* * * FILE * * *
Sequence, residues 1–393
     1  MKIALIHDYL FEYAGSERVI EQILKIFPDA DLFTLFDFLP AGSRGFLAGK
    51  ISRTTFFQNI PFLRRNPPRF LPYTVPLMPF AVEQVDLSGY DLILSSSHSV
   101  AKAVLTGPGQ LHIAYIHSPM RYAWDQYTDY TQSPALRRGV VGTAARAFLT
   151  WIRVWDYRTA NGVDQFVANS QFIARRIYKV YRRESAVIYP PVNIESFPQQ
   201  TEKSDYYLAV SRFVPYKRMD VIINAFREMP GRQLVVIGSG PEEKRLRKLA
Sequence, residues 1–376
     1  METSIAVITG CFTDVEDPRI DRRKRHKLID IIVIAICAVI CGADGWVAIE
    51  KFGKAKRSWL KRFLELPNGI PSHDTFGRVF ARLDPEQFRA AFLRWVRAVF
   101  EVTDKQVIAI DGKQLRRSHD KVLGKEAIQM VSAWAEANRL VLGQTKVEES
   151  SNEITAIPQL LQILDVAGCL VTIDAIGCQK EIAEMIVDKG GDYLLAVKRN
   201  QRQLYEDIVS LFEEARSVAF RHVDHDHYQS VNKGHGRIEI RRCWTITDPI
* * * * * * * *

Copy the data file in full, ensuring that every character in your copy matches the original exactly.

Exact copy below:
Sequence, residues 1–393
     1  MKIALIHDYL FEYAGSERVI EQILKIFPDA DLFTLFDFLP AGSRGFLAGK
    51  ISRTTFFQNI PFLRRNPPRF LPYTVPLMPF AVEQVDLSGY DLILSSSHSV
   101  AKAVLTGPGQ LHIAYIHSPM RYAWDQYTDY TQSPALRRGV VGTAARAFLT
   151  WIRVWDYRTA NGVDQFVANS QFIARRIYKV YRRESAVIYP PVNIESFPQQ
   201  TEKSDYYLAV SRFVPYKRMD VIINAFREMP GRQLVVIGSG PEEKRLRKLA
Sequence, residues 1–376
     1  METSIAVITG CFTDVEDPRI DRRKRHKLID IIVIAICAVI CGADGWVAIE
    51  KFGKAKRSWL KRFLELPNGI PSHDTFGRVF ARLDPEQFRA AFLRWVRAVF
   101  EVTDKQVIAI DGKQLRRSHD KVLGKEAIQM VSAWAEANRL VLGQTKVEES
   151  SNEITAIPQL LQILDVAGCL VTIDAIGCQK EIAEMIVDKG GDYLLAVKRN
   201  QRQLYEDIVS LFEEARSVAF RHVDHDHYQS VNKGHGRIEI RRCWTITDPI